‘Friday, at five past nine, but the evening, not the morning.’ Was that his Grandmother’s voice he could hear? Upon opening his eyes, Danny focused on the clock on the bedside cabinet. Five minutes past nine was the exact time he had been born. How odd that he’d just heard his Grandmother’s voice telling him the time. But she was wrong. It was morning, not evening. Given that she lived hundreds of miles away, he must have been dreaming about her.

He needed a drink of water but realised he’d forgotten to bring any with him to bed. A sudden noise of cutlery and dinner-plates from downstairs startled him. Turning over, he saw Nick’s side of the bed was empty.

One more minute, thought Danny, give me one more minute before I go downstairs and face being a single man again.

But the minute turned into two, which turned into five and then ten. Finally, Danny’s overfilled bladder forced him up and out of bed.

“Coffee, Danny?” called out Nick from the bottom of the stairs as Danny tipped-toed to the bathroom. 

Danny didn’t want to reply.

“Danny! Do you want coffee?” Nick yelled. 

An awkward pause was followed by what seemed an uncomfortable reply.

“Ah, yes. Better make it black, please.”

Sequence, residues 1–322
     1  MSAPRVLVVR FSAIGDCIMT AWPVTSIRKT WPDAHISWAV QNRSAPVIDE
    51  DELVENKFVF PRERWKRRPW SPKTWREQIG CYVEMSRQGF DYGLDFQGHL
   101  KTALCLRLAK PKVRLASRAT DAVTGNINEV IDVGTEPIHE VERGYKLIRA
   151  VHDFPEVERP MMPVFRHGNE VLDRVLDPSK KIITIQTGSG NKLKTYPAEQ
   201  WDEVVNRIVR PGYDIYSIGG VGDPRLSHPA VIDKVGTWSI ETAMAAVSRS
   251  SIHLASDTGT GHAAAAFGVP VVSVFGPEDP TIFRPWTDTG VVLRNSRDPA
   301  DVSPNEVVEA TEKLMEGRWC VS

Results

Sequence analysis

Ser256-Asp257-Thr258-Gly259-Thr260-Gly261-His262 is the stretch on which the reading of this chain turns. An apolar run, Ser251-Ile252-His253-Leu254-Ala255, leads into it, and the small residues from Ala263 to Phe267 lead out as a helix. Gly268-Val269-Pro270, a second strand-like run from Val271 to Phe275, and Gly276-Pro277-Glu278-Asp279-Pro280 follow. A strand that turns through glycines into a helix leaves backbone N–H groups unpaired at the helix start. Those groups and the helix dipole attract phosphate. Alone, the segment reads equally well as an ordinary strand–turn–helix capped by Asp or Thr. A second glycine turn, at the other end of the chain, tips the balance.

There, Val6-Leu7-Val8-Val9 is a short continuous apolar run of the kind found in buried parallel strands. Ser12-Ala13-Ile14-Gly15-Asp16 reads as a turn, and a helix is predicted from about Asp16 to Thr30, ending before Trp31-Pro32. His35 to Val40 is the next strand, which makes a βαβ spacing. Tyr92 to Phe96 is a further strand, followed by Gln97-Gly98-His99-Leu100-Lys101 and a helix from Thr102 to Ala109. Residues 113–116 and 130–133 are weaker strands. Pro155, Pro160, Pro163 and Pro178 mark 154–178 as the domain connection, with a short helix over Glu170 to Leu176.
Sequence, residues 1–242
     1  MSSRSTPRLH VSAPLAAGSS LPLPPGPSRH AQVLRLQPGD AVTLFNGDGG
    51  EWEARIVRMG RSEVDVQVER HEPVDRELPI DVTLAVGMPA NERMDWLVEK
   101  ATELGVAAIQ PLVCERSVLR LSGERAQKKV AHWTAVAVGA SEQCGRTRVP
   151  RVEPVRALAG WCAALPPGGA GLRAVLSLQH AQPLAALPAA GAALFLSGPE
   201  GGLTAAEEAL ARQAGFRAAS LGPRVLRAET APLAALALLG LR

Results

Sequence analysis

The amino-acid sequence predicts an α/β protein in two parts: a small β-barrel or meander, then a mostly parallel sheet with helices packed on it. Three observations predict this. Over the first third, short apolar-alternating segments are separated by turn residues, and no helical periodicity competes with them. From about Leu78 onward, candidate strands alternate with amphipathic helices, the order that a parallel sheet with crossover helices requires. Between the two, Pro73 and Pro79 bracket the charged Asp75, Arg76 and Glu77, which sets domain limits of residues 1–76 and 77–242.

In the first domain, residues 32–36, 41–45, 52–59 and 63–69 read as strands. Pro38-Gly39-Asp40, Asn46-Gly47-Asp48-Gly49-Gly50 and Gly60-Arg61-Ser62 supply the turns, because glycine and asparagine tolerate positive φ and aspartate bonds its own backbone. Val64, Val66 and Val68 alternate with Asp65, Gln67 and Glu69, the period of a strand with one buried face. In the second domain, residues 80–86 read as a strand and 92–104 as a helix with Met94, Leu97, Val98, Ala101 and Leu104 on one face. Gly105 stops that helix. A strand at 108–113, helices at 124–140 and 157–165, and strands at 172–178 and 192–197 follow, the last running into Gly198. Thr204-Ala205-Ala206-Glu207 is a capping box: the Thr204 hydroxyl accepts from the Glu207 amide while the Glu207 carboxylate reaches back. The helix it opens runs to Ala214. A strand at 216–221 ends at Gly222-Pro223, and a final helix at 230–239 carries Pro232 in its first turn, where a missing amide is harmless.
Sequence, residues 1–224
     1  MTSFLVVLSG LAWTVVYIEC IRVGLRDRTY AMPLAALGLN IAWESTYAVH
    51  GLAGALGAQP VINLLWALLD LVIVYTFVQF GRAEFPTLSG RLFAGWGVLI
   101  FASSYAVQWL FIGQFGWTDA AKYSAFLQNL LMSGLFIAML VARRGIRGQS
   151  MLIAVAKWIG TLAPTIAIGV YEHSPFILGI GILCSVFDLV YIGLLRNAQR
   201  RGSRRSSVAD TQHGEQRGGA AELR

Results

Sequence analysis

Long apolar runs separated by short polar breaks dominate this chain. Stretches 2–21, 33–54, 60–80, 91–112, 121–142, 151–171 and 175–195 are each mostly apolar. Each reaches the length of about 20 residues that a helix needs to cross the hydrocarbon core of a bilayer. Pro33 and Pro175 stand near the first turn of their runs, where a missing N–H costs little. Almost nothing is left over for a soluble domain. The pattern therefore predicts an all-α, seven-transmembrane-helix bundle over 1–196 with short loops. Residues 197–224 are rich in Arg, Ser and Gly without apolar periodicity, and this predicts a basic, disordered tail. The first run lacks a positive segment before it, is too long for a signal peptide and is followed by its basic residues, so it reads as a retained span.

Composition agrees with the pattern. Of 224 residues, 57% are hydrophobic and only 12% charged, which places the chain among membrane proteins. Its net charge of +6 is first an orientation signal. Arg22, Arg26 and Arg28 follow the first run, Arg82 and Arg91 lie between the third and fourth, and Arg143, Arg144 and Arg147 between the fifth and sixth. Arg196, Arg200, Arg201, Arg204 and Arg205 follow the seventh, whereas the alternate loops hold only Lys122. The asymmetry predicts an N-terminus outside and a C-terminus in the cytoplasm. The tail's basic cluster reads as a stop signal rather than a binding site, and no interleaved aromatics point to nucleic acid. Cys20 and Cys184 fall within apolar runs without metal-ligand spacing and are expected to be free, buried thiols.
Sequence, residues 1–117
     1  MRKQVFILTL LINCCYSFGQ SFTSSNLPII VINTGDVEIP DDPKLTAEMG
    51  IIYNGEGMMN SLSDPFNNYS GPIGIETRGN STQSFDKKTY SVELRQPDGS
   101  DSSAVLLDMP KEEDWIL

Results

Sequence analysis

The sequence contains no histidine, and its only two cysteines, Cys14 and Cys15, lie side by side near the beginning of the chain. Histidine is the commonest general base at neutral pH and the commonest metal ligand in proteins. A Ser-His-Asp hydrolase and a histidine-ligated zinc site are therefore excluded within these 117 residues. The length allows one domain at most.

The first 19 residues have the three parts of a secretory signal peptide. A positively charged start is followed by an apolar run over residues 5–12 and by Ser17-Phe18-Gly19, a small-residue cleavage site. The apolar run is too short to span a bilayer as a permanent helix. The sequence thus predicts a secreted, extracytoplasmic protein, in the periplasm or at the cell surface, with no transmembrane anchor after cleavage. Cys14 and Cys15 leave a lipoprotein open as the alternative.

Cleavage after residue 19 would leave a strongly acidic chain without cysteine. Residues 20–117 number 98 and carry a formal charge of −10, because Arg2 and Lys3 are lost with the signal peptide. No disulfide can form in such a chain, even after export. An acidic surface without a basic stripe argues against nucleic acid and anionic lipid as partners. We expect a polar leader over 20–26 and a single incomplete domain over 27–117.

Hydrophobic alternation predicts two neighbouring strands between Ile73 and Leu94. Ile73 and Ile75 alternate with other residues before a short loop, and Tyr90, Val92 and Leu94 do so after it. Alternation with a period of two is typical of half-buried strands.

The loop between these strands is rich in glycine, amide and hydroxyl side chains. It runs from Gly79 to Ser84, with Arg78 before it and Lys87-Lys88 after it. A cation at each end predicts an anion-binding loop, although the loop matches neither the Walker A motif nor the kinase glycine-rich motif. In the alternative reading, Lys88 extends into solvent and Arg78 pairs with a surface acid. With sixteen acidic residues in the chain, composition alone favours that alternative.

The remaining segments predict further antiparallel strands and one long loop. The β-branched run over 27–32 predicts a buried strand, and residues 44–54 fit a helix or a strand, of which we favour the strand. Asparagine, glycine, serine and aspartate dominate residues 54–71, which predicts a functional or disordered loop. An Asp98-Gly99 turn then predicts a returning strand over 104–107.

Pausing, Danny wondered if he should shower first or just put on a pair of shorts and go and face Nick straight away.


Now it’s over to you.

I’m looking for your feedback on this next part of chapter 1.

  • What did you like/dislike about this part?
  • Are there any changes you’d recommend?

All feedback is welcome. Please leave me your comments.

Thank you so much.

Click here to read more about why I’m asking for your help in writing ‘Tales From Under The Rainbow.’   

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Author: Hugh W. Roberts

My name is Hugh. I live in the city of Swansea, South Wales, in the United Kingdom. My blog covers a wide range of subjects, the most popular of which are my blogging tips posts. If you have any questions about blogging or anything else, please contact me by clicking on the 'Contact Hugh' button on the menu bar. Click on the 'Meet Hugh' button on the menu bar to learn more about me and my blog.

28 thoughts

  1. I love how we’re getting into the meat of the story now. I’m having a bit of trouble with the first paragraph. First sentence we learn Danny’s is going out, and next sentence on jumps into how Nick is with lots of details about how he is at work that don’t seem to flow with the fact Danny is going out. I feel like you’re telling two different stories parts in one paragraph there. First sentence Danny is going out, then it jumps to backstory of Nick making the two events confusing to me. I would suggest rewriting for example:

    Start with the Nick sentence, only change it to start “Nick told Danny ……” Then after thatft that paragraph: